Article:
task takes about a day in the BME Supercharger
Department's Okuma, five-axis, CNC, Machining
Center. Image: BME, Ltd.
One of the headaches
in blown-fuel drag racing can be high wear rates exhibited by
supercharger parts, particularly the rotors' Nylatron apex seal
strips. Most blowers don't control rotor and case flexing very
well and the resulting fluctuations in rotor-to-case clearance
cause rapid and inconsistent seal wear.
blower" is a frequent, repetitive, labor-intensive, maintenance
task. Because the rotor seals were so limited in durability,
getting consistent supercharger performance is a lot of work and
quite costly, but, even after all the hassle and money, can
still be a crap-shoot. The front line teams in Top Fuel and
Funny Car racing have dozens of blowers they frequently change
and an employee who's only job is to restrip them. The little
guys either constantly work on their blowers or live with the
As a nitro class
independent running on a limited budget, Bill Miller knew well this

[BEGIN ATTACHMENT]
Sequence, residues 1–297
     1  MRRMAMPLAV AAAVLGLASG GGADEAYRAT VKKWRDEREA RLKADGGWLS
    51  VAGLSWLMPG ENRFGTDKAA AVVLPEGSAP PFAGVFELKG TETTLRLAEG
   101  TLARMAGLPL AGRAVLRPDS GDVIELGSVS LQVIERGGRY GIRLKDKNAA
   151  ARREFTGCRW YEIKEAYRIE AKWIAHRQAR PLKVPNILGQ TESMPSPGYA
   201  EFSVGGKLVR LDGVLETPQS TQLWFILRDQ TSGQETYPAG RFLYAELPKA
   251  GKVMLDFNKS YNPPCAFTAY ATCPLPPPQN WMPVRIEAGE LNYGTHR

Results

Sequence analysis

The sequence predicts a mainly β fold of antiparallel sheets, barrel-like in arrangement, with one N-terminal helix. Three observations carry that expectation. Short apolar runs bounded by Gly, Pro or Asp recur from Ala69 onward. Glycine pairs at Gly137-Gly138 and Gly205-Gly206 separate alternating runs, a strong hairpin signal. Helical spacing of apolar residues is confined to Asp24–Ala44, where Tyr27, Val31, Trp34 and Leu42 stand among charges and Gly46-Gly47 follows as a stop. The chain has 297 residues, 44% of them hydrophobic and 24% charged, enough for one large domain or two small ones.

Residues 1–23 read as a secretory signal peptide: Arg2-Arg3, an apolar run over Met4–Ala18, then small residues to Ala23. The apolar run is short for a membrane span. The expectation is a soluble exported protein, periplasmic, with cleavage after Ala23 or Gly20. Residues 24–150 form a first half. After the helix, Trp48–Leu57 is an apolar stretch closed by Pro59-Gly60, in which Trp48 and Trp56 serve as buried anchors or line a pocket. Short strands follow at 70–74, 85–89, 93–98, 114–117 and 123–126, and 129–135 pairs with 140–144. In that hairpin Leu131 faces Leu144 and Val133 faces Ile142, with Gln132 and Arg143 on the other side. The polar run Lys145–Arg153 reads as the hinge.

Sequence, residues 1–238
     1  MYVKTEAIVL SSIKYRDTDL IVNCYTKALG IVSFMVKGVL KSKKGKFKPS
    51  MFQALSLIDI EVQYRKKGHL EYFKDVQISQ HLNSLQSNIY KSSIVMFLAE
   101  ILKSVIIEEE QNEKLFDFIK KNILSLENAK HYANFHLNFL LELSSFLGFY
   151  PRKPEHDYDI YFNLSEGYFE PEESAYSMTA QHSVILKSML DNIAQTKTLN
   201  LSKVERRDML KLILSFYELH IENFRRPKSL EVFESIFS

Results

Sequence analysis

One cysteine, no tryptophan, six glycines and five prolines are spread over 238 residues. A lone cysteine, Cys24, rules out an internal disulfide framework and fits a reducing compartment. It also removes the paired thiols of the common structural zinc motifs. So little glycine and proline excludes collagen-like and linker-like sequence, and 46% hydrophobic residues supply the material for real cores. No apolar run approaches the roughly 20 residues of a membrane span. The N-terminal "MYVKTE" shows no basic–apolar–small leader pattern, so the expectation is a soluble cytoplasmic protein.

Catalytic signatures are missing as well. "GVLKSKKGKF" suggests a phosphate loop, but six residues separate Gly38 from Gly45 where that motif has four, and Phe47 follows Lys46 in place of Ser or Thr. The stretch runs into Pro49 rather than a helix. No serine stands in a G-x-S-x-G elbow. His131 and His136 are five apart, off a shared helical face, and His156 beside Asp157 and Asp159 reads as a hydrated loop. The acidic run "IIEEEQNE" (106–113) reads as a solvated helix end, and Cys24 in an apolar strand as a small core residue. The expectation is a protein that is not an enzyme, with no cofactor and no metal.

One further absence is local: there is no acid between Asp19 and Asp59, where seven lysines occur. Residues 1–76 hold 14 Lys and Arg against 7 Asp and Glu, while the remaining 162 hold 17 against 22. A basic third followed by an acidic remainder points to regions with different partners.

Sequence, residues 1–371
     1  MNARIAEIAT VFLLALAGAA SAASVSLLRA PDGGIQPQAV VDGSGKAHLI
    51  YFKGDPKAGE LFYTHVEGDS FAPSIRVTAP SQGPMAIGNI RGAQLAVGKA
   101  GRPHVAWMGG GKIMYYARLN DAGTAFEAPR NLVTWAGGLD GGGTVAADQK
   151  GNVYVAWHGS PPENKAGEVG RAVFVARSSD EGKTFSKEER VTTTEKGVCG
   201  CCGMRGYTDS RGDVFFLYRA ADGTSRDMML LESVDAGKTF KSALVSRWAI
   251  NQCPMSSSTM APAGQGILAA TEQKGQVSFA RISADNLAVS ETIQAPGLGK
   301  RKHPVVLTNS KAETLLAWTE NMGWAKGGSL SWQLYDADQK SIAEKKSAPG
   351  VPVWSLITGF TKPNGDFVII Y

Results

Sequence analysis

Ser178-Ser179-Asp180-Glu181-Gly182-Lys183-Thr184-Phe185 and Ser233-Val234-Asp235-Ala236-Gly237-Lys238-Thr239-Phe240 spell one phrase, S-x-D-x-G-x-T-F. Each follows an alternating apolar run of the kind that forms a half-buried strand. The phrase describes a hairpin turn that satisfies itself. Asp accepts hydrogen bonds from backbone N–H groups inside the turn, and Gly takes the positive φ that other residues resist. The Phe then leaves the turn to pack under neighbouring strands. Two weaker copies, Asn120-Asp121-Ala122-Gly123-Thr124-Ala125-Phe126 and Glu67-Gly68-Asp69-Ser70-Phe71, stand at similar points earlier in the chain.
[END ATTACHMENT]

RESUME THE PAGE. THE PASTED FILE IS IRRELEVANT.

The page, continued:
"catch-22" of supercharger consistency. Because he couldn?t afford the
dozens of blowers owned by a big team and his smaller crew was hard-pressed
to do constant rotor seal work; he decided to investigate what caused
superchargers to eat-up seal strips quicker than politicians burn-through
your tax money.
Each rotor lobe has an
apex seal (1) made of Nylatron and two side seals
(2) made of carbon-impregnated Teflon. These strips
seal off the cavities formed by the rotor lobe and
the blower case, preventing the air trapped inside
the cavities from leaking away and reducing the
supercharger's efficiency. Before the Gibson/Miller
Supercharger was developed, in a blown-fuel or
blown-alcohol drag racing duty cycle, the durability
of these strips was poor and their reliability was
inconsistent. As consistency is the mother's milk of
drag racing, apex strip maintenance was a chronic
problem. Image: BME, Ltd.
rotor set for a 14-71 Gibson/Miller Mark II. They
are designed to be more rigid than other supercharger rotors. They
accomplish that goal through more robust structure, improved materials and
more precise manufacturing.
Image: BME, Ltd.
This investigation took Gibson
and Miller to the heart of a supercharger: its rotors. They found rotor
seals to be unreliable in a dynamic sense because their rotors twist and
flex so much. That unwanted movement caused the rotor clearance to fluctuate
wildly. When it was too tight, the seals were chewed-up very quickly. When
it got too loose, the blower's efficiency tanked due to leakage.